How to fuel success in Formula One




Besides the concrete, mechanical aspects, the latest turbo engines have led to a new philosophy in terms of how fuel companies approach F1 racing.

“The idea is no longer to try running the internal combustion engine [ICE] at full power as often as possible, but instead to extract the most performance out of a given fuel quantity,” Girard summarises. “Therefore, you need to find the right balance between fuel consumption, electric energy recovery and deployment.”

Back in the V8 era, good energy efficiency allowed teams to have less fuel on board and enjoy a better weight distribution. Now, it means unlocking the full potential of the MGU-H, the motor-generator unit that absorbs power from the turbine shaft to convert heat energy from the exhaust gasses.

Its energy recovery mode is only totally efficient provided that the biggest flow of exhaust gasses travels through the turbine at the highest possible speed. In other words, the ICE needs to generate a lot of exhaust gasses… while using less fuel.

Taking into account the 100kg/hour fuel flow restriction, oil companies had to develop a fuel for lean-burn engines, namely with a major excess of air. The V6 not only must deliver plenty of horsepower but at the same time it also needs to be a massive air pump that produces exhaust gasses, which in turn generates a more ‘efficient’ electric energy.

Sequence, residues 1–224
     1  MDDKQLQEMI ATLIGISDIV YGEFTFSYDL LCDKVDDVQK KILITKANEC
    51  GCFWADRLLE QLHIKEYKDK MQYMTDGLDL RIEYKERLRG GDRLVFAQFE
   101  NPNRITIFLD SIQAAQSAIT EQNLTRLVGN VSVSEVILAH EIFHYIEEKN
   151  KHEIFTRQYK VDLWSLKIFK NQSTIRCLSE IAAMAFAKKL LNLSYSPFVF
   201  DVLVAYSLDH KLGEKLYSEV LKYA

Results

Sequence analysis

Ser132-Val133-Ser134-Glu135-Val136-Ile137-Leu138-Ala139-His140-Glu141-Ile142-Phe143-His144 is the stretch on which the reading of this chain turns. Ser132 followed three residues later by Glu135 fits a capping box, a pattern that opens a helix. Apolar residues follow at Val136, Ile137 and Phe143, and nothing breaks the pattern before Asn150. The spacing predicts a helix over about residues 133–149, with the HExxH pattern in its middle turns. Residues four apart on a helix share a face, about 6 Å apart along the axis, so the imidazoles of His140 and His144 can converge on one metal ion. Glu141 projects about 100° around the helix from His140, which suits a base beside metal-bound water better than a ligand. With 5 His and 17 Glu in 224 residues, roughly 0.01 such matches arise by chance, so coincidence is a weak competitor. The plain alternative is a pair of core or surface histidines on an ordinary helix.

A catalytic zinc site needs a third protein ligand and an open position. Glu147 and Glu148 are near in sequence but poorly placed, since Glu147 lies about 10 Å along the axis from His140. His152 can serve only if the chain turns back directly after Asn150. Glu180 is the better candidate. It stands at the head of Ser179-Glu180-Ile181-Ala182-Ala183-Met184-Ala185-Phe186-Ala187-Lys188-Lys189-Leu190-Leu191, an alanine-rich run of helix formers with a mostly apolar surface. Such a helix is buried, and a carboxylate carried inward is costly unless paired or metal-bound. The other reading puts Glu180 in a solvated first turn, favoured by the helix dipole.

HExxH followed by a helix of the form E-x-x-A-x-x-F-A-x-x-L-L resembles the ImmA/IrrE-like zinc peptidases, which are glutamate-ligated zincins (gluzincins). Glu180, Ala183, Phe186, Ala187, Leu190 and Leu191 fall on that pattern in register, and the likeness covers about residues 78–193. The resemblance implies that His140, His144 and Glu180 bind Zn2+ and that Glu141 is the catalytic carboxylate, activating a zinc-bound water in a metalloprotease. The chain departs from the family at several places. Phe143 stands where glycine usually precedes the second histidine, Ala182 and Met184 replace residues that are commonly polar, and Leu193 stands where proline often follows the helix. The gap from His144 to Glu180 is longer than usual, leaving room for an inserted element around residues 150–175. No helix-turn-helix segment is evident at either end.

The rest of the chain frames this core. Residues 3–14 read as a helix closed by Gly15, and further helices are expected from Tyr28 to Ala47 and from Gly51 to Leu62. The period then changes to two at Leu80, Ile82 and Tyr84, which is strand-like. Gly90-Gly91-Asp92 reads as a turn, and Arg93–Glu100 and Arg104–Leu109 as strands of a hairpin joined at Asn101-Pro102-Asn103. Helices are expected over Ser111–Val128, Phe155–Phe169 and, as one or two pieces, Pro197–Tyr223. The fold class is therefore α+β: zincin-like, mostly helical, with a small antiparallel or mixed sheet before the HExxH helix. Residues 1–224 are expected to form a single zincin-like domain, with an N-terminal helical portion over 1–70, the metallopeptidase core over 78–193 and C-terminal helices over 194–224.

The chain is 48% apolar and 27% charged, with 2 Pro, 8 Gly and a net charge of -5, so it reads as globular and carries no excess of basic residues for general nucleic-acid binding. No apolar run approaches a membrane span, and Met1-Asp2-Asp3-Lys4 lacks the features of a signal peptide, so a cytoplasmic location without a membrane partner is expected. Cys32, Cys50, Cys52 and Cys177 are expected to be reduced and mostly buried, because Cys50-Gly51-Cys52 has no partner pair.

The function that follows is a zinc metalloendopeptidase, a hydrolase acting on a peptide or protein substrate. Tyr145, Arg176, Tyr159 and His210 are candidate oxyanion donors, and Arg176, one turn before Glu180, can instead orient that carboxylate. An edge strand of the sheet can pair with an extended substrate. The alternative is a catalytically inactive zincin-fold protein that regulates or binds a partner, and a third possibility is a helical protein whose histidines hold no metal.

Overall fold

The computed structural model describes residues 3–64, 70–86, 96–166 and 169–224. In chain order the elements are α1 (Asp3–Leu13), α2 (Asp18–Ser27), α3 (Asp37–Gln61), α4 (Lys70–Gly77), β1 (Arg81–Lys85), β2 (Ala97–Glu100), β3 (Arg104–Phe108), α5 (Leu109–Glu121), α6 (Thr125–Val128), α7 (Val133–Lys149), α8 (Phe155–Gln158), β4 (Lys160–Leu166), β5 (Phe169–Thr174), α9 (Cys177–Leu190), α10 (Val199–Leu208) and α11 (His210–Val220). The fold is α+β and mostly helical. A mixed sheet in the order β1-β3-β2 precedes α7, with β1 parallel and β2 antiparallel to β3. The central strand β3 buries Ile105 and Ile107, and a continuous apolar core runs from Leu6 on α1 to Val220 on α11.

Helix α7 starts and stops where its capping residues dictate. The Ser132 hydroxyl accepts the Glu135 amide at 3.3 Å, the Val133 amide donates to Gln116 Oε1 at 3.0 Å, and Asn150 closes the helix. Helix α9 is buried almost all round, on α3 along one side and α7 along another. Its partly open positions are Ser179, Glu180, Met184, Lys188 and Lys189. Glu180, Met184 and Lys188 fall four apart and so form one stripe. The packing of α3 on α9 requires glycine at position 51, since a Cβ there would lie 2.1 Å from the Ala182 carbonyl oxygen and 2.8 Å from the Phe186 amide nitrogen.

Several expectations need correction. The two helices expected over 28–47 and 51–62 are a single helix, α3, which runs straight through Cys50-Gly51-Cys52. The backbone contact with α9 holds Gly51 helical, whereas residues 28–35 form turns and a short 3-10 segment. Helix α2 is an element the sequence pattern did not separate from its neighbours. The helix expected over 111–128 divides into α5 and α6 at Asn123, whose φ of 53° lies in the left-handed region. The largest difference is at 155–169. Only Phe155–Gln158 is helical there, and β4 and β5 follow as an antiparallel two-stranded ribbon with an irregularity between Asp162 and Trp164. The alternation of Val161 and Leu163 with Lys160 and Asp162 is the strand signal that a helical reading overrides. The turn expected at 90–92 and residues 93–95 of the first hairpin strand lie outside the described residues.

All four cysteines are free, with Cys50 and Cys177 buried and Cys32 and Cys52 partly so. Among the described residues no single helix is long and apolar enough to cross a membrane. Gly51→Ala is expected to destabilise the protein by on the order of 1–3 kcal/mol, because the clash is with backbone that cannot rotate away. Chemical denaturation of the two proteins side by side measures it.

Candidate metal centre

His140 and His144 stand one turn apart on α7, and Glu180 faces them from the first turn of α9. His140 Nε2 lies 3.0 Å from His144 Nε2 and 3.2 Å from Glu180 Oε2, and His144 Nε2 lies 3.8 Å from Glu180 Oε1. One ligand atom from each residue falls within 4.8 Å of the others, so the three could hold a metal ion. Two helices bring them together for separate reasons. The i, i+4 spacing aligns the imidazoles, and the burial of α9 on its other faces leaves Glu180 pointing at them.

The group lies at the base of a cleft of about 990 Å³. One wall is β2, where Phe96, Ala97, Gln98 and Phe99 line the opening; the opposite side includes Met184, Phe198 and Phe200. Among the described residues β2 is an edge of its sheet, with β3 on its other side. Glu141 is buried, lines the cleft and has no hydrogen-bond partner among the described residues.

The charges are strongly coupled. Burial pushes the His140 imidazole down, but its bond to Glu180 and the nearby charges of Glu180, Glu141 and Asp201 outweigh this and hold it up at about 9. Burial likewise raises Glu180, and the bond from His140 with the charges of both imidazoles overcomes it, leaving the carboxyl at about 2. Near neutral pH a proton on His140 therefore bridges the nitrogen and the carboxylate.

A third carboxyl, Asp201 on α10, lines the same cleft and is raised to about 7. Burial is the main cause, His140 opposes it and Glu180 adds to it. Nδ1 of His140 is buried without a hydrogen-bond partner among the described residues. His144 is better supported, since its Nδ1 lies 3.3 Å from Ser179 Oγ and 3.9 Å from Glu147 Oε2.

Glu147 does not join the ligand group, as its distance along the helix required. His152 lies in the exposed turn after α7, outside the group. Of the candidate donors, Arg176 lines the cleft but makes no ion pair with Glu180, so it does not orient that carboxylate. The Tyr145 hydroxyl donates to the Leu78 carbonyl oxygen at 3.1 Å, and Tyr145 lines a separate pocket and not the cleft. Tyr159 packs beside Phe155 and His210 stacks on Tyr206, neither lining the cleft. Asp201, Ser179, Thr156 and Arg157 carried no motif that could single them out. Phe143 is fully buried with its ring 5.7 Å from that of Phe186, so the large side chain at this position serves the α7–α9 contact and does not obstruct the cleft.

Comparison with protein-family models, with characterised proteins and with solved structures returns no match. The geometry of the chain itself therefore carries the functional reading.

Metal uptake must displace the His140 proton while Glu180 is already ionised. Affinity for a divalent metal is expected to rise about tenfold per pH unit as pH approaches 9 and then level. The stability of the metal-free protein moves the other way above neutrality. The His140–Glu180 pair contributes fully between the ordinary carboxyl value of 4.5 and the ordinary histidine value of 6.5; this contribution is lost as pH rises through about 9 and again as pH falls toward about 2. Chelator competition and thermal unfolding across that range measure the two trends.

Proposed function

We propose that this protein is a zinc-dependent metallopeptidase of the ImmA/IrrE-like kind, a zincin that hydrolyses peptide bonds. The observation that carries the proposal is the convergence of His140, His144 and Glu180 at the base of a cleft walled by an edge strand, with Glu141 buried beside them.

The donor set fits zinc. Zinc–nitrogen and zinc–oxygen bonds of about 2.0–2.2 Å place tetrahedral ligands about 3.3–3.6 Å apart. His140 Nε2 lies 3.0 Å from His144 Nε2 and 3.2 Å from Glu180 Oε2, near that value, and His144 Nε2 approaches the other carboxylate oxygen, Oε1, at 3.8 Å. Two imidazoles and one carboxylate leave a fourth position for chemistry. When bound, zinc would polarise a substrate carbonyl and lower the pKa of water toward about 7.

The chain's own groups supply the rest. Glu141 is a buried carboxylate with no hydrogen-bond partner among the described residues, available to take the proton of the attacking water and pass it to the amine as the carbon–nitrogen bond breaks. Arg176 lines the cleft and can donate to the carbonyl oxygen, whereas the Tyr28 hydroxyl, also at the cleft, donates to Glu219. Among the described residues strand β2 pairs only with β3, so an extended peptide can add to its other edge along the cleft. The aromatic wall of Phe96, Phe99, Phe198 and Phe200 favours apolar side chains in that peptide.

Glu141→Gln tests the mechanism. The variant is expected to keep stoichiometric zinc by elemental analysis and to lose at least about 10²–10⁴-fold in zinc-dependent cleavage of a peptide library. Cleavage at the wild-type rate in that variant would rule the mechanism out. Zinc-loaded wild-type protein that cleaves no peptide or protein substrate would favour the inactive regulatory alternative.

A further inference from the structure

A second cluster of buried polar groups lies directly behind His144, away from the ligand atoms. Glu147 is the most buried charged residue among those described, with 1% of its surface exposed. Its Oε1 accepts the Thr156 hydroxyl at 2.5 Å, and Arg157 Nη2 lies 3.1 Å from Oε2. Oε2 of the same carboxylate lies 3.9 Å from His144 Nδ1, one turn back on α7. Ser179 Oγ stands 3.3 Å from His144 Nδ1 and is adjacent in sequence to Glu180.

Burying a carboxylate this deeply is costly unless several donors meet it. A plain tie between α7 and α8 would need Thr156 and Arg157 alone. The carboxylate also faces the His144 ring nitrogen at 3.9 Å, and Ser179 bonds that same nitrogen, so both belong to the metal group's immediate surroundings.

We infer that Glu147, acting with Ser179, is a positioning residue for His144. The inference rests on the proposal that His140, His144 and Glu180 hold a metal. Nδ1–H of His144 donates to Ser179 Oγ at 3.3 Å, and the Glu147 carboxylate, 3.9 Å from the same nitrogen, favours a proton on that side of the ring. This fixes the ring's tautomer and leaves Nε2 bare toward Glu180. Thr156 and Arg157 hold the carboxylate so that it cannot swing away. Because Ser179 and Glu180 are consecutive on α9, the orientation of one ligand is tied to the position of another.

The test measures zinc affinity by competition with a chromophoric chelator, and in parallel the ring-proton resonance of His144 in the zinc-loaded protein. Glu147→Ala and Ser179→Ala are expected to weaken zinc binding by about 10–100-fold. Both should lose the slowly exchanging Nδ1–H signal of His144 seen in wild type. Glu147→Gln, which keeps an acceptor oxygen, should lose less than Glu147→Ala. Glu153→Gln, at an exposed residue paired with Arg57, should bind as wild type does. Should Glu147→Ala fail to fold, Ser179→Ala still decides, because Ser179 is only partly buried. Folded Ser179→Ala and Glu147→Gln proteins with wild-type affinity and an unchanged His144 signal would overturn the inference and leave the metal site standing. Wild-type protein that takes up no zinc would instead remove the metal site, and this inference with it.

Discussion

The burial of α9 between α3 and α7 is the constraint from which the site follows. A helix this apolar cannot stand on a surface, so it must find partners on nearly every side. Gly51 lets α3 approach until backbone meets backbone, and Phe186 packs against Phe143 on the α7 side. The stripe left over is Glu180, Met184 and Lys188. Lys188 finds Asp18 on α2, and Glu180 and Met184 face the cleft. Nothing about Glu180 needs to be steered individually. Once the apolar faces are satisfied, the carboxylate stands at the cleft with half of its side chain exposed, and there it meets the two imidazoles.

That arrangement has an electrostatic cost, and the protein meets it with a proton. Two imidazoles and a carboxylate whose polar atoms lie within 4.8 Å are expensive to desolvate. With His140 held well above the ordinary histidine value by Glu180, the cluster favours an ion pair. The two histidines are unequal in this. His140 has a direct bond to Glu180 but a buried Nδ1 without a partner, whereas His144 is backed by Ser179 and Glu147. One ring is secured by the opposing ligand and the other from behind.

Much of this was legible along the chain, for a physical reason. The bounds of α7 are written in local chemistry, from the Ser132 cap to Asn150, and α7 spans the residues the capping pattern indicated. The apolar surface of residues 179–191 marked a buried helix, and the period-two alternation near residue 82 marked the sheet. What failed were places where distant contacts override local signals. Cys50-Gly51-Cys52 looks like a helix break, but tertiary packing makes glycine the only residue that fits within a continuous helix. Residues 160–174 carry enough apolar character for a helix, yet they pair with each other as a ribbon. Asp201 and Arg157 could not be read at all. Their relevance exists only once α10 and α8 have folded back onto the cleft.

“Theoretically, the engine manufacturer can proceed as it sees fit. It can elect to exploit the full power of its ICE or consider that the ERS/ICE combo will lead to better performance overall. In reality, they tend to go for the second option. Admittedly, a lean mixture will result in a deficit in terms of maximum power, but it will also generate more gasses, so more energy can be recovered from the exhaust.

“Then you just have to do the maths: if you lose 10bhp on the ICE but retrieve 30bhp from the ERS, that makes it more enticing to use a lean mixture. Basically, you get more bang (energy) for your buck (fuel).”

Engine constructors and their fuel partners include energy recovery at the very beginning of their reflection and development process, which implies very close cooperation between the two parties.